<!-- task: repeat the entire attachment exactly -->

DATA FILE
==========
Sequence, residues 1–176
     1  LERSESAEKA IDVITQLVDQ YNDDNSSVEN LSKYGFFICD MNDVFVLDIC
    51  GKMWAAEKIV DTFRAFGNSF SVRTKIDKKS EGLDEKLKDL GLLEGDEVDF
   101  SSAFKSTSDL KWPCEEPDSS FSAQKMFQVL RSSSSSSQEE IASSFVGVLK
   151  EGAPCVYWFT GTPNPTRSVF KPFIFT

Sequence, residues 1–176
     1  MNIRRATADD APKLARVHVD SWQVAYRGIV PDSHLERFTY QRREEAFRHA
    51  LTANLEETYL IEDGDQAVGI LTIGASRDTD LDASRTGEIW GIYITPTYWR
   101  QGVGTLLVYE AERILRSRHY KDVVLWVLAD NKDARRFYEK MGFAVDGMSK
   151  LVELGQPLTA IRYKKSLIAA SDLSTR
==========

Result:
Sequence, residues 1–176
     1  LERSESAEKA IDVITQLVDQ YNDDNSSVEN LSKYGFFICD MNDVFVLDIC
    51  GKMWAAEKIV DTFRAFGNSF SVRTKIDKKS EGLDEKLKDL GLLEGDEVDF
   101  SSAFKSTSDL KWPCEEPDSS FSAQKMFQVL RSSSSSSQEE IASSFVGVLK
   151  EGAPCVYWFT GTPNPTRSVF KPFIFT

Sequence, residues 1–176
     1  MNIRRATADD APKLARVHVD SWQVAYRGIV PDSHLERFTY QRREEAFRHA
    51  LTANLEETYL IEDGDQAVGI LTIGASRDTD LDASRTGEIW GIYITPTYWR
   101  QGVGTLLVYE AERILRSRHY KDVVLWVLAD NKDARRFYEK MGFAVDGMSK
   151  LVELGQPLTA IRYKKSLIAA SDLSTR